Posterior Segment Approach for Subretinal Transplantation or Injection in the Canine Model
Abstract:A posterior segment approach for cell transplantation or injection into the subretinal space of the dog has been developed. Controlled penetration to the subretinal space was achieved using a 29-gauge injection cannula, either blunted or with a 30° sharpened bevel, and partially ensheathed with moveable plastic tubing. Depending on the injection volume used, the retina detached, and the fluid was reabsorbed within 1–3 weeks, although for smaller volumes the retina reattached within a matter of days. The optimal injection volume used was between 100 and 150 μl, or two injections of 55 μl each. By ophthalmoscopy following the surgery, it was possible to serially monitor the injection site and retinal bleb through fundus photography. Light microscopy demonstrates the distribution of stable, viable RPE cells in the subretinal space up to 6 months. The transplantation technique developed for the dog is atraumatic and free from any major surgical or clinical complications. It can be readily used to deliver cells or fluids to localized regions of the subretinal space.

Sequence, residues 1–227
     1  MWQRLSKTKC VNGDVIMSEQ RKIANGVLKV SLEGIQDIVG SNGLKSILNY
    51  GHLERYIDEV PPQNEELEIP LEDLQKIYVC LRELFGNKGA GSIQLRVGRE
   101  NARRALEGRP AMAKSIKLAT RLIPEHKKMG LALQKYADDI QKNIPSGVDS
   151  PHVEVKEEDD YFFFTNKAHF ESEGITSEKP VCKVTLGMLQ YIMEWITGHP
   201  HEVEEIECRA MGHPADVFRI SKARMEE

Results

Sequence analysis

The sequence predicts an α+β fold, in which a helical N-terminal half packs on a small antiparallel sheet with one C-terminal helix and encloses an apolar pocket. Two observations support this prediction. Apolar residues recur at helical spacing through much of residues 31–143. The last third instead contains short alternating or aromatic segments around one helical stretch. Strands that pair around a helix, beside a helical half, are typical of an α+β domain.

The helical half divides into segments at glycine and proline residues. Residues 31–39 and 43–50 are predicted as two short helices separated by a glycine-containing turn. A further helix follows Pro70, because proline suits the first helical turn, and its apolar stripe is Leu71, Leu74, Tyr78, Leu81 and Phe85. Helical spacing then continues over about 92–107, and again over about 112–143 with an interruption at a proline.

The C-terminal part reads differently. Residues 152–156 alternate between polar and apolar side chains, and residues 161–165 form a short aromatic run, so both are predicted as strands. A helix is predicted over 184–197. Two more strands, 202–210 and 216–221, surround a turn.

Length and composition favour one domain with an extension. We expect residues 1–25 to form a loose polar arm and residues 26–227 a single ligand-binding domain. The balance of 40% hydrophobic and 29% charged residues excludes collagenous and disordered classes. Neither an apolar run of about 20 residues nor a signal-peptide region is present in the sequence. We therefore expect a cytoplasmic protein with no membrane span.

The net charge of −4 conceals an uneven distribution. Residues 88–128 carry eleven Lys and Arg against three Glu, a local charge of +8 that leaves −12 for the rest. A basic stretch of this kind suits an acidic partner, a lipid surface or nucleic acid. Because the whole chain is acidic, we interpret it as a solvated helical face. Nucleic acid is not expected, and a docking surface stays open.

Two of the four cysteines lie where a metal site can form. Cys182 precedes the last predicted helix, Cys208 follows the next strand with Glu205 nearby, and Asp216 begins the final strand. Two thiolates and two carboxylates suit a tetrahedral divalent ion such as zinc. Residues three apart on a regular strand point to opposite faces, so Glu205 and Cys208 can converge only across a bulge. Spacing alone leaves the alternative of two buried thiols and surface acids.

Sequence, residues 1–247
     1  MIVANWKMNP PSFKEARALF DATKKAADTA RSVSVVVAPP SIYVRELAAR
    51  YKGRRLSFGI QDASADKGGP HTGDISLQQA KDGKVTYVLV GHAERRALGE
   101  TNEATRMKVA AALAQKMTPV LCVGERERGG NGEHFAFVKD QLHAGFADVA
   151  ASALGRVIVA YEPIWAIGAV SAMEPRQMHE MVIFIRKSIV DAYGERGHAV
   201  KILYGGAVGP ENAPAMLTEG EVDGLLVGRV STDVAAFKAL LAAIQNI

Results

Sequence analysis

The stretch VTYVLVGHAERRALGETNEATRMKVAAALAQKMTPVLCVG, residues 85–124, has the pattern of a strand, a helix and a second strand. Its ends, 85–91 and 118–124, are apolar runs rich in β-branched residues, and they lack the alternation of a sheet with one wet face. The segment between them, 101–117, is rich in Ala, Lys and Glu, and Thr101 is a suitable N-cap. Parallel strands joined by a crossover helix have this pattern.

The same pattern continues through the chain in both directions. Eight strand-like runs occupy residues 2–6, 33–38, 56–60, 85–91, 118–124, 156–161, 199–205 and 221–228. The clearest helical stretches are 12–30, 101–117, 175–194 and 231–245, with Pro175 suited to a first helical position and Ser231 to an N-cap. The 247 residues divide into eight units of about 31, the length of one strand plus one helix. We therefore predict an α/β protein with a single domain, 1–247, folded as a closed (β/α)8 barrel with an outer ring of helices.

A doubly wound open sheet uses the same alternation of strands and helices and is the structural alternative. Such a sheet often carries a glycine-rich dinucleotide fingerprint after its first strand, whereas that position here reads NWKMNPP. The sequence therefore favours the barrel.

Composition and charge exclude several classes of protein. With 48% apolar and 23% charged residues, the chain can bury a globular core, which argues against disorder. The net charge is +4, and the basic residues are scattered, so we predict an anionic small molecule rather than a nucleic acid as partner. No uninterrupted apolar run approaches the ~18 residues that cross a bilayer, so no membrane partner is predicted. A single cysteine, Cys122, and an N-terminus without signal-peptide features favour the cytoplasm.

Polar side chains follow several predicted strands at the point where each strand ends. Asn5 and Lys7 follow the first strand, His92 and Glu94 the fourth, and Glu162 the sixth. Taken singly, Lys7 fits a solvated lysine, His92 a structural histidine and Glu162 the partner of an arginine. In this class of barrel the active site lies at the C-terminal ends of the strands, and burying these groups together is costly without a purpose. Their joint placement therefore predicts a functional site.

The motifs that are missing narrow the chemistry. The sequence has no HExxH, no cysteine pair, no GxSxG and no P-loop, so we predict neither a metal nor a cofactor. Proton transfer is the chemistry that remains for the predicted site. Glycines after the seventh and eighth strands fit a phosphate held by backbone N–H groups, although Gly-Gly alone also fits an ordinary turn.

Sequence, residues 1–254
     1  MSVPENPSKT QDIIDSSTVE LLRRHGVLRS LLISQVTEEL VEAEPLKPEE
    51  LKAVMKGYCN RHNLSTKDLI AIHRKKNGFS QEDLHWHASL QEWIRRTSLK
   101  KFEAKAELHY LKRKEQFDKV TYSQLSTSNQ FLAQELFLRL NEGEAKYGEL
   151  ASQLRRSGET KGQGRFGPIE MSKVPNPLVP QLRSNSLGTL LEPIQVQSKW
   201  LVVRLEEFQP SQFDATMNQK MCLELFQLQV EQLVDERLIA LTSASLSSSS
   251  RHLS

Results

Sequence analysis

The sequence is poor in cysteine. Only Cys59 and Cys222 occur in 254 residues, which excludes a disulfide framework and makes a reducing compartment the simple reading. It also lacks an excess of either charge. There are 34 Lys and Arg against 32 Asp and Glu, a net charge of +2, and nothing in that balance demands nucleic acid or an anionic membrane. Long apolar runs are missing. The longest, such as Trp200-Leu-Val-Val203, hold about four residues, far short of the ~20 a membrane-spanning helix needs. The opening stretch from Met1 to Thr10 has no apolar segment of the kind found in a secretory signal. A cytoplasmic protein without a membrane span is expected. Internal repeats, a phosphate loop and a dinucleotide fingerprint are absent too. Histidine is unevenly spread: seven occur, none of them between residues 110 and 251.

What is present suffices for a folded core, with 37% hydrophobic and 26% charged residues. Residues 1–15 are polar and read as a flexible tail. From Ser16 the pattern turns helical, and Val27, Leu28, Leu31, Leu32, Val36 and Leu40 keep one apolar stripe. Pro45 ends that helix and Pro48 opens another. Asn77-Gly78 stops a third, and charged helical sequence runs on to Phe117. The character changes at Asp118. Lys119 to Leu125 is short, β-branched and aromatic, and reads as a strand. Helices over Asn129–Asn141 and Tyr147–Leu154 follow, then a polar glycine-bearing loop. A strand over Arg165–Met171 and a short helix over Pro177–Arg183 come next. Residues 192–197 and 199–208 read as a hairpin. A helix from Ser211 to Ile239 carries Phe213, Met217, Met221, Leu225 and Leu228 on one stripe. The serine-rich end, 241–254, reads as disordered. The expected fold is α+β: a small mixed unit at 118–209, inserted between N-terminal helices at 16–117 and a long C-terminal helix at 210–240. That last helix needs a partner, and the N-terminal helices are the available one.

Document Type: Research Article
Affiliations: 1: *James A. Baker Institute for Animal Health, College of Veterinary Medicine, Cornell University, Ithaca, NY 14853 2: †Department of Ophthalmology, University of Rochester School of Medicine, Rochester, NY 14642 3: ‡Department Neurobiology and Anatomy, University of Rochester School of Medicine, Rochester, NY 14642
Publication date: 2001-03-01
- Cell Transplantation publishes original, peer-reviewed research and review articles on the subject of cell transplantation and its application to human diseases. To ensure high-quality contributions from all areas of transplantation, separate section editors and editorial boards have been established. Articles deal with a wide range of topics including physiological, medical, preclinical, tissue engineering, and device-oriented aspects of transplantation of nervous system, endocrine, growth factor-secreting, bone marrow, epithelial, endothelial, and genetically engineered cells, among others. Basic clinical studies and immunological research papers are also featured. To provide complete coverage of this revolutionary field, Cell Transplantation will report on relevant technological advances, and ethical and regulatory considerations of cell transplants. Cell Transplantation is now an Open Access journal starting with volume 18 in 2009, and therefore there will be an inexpensive publication charge, which is dependent on the number of pages, in addition to the charge for color figures. This will allow work to be disseminated to a wider audience and also entitle the corresponding author to a free PDF, as well as prepublication of an unedited version of the manuscript.